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23% Of People Admit They Wouldn’t Know Who To Report A Hazard To At Work

A quarter of British workers have had an accident at work – and yet one in six people wouldn’t bother reporting a potential hazard if they saw one. New research shows 23% of people wouldn’t even know WHO to report a hazard to – which means broken machinery, trailing wires and uneven flooring often get left unattended.

Would you know who to report a hazard to at work?


1 in 4 people are not confident in knowing who to report hazards to in the workplace. Younger people are much less confident with only 67% of those 16-24 knowing who to turn to if they saw something hazardous, compared to 85% of people 45-54, and 83% of those 55 and over.

Again older people were more likely to report a potentially dangerous hazard with 93% of those over 45 years’ of age saying they’d definitely report a hazard, compared to just 76% of those aged 16-24.

People who work in London are much less likely to report a hazardous situation at work with just 77% of those saying they’d definitely report something they’d seen. This is compared to 92% of people in both the North-East and North-West who answered the same.

Why people wouldn’t report hazards at work


A third of those polled in the study of 2,014 employees claim they don’t have time to worry about hazards in the workplace, and 24% would ignore things like frayed electrical cords, spills or blocked fire exits assuming it wouldn’t affect them.

A quarter of those polled say they don’t think it is their responsibility to report a hazard even if it could be potentially dangerous. Men were much more likely to use this as their reason for not reporting an issue, with 28% claiming it wasn’t their responsibility, compared to just 17% of women agreeing.

Women are seemingly more clueless when it came to knowing who to report a hazard to with 27% citing this as a reason for not reporting a hazardous issue, compared to just 20% of men.

While just under one in 10 employees claim they have been told NOT to report a hazard by someone else. Younger people are far more likely to cite this as their reasoning with 21% of people aged 16-24 saying they were told not to report an issue. This is compared to 3% of those 45-54 years old and just 6% of those over the age of 55.

Issues seen at work and whether they are dangerous


8% of people say that they see issues on a daily basis all the time, while 39% see issues sometimes on a daily basis. Only just over a half of people claim to not see issues on a daily basis.

It seems younger people are more likely to see hazardous issues on a daily basis with 16% of those aged 16-24 saying they see issues on a daily basis all the time, this is compared to just 3% of those over the age of 55. Working seems to be more dangerous in London and the South-West with just 46% of those in London saying they never see issues, and 47% of those in the South-West saying the same. This is compared to 64% of those in Yorkshire stating they never saw issues, and 63% of people in Wales.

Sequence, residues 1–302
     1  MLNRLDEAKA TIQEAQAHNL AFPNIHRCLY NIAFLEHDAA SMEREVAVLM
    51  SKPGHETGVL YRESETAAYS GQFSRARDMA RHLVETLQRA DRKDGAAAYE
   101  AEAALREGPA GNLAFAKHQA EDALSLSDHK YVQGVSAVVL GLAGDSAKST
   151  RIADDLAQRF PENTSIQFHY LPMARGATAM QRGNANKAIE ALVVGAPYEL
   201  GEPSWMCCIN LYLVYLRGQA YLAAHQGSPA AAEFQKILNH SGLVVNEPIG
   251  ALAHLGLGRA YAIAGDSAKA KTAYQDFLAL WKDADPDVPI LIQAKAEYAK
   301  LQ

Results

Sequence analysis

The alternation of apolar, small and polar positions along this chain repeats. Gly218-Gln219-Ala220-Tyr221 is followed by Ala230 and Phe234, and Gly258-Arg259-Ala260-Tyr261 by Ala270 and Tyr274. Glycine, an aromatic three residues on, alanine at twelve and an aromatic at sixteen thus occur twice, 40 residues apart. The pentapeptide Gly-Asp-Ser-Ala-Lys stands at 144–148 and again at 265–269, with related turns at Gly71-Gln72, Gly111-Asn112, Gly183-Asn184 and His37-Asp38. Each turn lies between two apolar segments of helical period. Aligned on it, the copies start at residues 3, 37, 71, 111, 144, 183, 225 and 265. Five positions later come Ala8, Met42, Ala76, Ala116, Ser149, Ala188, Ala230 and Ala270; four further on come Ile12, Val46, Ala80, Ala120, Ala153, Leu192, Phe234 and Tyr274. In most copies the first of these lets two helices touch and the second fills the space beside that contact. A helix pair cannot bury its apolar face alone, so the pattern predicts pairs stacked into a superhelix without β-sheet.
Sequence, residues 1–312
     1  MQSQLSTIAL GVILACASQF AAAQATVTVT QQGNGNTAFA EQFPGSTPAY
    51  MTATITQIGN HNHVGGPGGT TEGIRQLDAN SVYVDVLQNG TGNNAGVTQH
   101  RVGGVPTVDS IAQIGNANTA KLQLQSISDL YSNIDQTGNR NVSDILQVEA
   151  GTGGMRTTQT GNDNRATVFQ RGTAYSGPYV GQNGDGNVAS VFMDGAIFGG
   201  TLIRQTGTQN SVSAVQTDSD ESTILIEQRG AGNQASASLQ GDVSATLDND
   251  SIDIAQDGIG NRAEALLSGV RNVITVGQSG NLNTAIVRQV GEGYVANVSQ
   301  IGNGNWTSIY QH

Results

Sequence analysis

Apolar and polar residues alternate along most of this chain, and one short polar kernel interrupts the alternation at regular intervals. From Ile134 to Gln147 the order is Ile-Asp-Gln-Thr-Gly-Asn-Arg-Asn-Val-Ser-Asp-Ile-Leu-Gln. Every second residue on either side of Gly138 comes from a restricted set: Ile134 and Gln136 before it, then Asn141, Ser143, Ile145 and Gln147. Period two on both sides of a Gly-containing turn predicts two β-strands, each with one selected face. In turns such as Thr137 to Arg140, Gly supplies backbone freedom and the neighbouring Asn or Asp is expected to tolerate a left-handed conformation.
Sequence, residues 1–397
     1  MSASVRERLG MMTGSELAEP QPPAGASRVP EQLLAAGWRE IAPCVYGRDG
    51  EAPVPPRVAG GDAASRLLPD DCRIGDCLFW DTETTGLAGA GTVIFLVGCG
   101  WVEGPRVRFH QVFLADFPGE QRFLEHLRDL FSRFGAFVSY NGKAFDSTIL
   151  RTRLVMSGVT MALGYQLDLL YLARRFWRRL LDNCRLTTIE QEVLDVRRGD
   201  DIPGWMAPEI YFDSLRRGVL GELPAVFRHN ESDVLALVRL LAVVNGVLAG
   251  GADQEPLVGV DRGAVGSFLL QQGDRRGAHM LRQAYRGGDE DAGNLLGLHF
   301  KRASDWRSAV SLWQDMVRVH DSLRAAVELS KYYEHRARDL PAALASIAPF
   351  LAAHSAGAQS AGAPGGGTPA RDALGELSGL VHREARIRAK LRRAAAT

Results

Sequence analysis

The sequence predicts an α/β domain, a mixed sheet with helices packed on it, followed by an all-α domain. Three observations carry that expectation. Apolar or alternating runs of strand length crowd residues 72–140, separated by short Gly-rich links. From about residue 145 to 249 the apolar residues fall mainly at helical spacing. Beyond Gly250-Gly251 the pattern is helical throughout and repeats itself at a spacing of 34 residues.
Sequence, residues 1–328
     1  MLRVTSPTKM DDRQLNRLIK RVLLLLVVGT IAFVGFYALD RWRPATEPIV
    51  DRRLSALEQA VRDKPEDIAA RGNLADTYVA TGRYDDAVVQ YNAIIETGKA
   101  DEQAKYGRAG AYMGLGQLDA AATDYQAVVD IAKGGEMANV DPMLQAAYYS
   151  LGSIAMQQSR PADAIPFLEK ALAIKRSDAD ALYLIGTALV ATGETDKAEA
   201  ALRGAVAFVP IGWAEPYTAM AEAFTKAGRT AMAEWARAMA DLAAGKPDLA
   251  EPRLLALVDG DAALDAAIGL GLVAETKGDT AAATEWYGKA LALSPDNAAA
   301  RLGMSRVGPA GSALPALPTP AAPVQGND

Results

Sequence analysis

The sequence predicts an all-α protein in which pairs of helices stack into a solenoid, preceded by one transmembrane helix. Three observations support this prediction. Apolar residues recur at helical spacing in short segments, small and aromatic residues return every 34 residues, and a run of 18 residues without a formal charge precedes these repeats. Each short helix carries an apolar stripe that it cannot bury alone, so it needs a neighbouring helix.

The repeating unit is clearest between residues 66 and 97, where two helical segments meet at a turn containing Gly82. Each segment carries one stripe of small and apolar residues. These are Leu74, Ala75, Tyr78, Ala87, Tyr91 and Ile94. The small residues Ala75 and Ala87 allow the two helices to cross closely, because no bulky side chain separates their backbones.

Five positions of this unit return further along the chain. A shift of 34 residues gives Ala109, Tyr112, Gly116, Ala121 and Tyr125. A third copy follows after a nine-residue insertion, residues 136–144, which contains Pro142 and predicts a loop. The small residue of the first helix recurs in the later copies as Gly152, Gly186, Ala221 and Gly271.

David Carter, spokesman for Accident Advice Helpline, which conducted the study said:

“Accidents at work can easily be avoided if hazards are reported as soon as they are spotted and the more people who report it the better. When in a work environment it’s incredibly important to look out for one another to ensure injuries don’t happen”.

Of those issues seen only 37% of them were deemed as not hazardous, and more than 1 in 10 being very hazardous.

People who have witnessed a hazard at work


A fifth of people have even witnessed a hazard within the workplace that has been intentionally masked or ignored. Men were more likely to spot hazards which had been masked and ignored with 22% of them saying they’d seen something masked, compared to 18% of women. The older generation are more likely to not see issues being masked or ignored with just 10% citing that they’d seen any compared to 37% of people aged 16-24.

The most common hazards reported are a lack of safety around machinery, trailing wires, uneven flooring and the wrong equipment being used for tasks.

A quarter of workers say there are trailing wires in the workplace on a regular basis, while 16% work in an environment where machinery isn’t being used safely and it is seen at least once a week. Unsurprisingly men saw a lack of safety around machinery more often than women averaging 1.56 times a week compared to just 1.06 times a week by women. This is primarily because a higher number of males work in environments with machinery.

Half of people claimed to have seen trailing wires at some point during their work time with it being a slightly more common slight among men with 52% seeing them compared to 48% of women.

Alongside this 43.5% of people have sighted uneven flooring and 59% had seen spillages at some point within working.

Would hazards be less likely to happen if reported?


One quarter of people admitted that themselves or a colleague had been injured through no fault of their own while at work with younger people being more at risk. Only 60% of those aged 16-24 hadn’t seen someone faultlessly be injured at work compared to 67% of those 25-34, 77% of those 35-44, 79% of those 45-54 and 85% of those over the age of 55.

74% of people believe that if hazards were immediately reported they would be less likely to happen in the future, although younger people were more skeptical. 18% of those aged 16-24 believed reporting issues wouldn’t make a difference compared to 11% of those 55+ believing the same thing.